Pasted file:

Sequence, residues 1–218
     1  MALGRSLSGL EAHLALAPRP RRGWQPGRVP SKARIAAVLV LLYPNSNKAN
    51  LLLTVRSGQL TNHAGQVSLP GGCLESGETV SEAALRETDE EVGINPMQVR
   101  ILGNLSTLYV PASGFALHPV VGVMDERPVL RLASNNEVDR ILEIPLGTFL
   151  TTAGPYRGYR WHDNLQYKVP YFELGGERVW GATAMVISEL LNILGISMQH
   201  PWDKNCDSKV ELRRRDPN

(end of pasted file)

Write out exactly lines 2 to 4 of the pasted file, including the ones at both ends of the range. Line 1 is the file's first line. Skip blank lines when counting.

     1  MALGRSLSGL EAHLALAPRP RRGWQPGRVP SKARIAAVLV LLYPNSNKAN
    51  LLLTVRSGQL TNHAGQVSLP GGCLESGETV SEAALRETDE EVGINPMQVR
   101  ILGNLSTLYV PASGFALHPV VGVMDERPVL RLASNNEVDR ILEIPLGTFL